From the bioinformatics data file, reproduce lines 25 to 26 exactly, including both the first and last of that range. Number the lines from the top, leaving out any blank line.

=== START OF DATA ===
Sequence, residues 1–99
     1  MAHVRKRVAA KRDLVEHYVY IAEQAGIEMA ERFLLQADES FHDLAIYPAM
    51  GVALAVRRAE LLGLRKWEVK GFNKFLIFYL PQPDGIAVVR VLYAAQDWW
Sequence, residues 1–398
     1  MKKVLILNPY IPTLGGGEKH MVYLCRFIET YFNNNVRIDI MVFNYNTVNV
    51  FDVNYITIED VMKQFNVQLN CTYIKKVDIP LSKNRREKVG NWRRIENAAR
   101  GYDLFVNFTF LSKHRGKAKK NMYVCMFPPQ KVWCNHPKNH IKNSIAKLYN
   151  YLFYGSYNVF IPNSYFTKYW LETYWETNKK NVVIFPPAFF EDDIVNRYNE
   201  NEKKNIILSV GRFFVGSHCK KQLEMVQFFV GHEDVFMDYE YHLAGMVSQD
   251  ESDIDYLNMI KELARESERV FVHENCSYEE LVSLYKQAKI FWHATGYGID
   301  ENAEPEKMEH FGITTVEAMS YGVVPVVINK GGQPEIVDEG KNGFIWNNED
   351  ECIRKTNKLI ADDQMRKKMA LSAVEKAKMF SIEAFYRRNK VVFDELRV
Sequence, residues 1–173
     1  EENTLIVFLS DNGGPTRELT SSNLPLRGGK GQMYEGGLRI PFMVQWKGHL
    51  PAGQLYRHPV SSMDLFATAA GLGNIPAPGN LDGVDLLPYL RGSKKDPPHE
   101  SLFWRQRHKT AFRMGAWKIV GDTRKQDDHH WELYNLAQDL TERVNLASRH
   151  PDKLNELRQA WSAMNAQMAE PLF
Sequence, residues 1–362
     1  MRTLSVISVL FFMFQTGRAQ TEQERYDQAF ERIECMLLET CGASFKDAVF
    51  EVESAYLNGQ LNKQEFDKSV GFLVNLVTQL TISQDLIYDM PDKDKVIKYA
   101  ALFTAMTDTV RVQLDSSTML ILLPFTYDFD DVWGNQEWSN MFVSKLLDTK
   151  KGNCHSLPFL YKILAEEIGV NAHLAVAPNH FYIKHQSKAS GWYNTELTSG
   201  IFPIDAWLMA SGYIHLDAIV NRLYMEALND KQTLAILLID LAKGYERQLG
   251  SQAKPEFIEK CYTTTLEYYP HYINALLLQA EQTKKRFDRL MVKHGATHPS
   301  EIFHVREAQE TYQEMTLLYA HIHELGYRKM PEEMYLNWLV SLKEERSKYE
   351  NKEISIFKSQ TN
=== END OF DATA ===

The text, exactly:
   301  EIFHVREAQE TYQEMTLLYA HIHELGYRKM PEEMYLNWLV SLKEERSKYE
   351  NKEISIFKSQ TN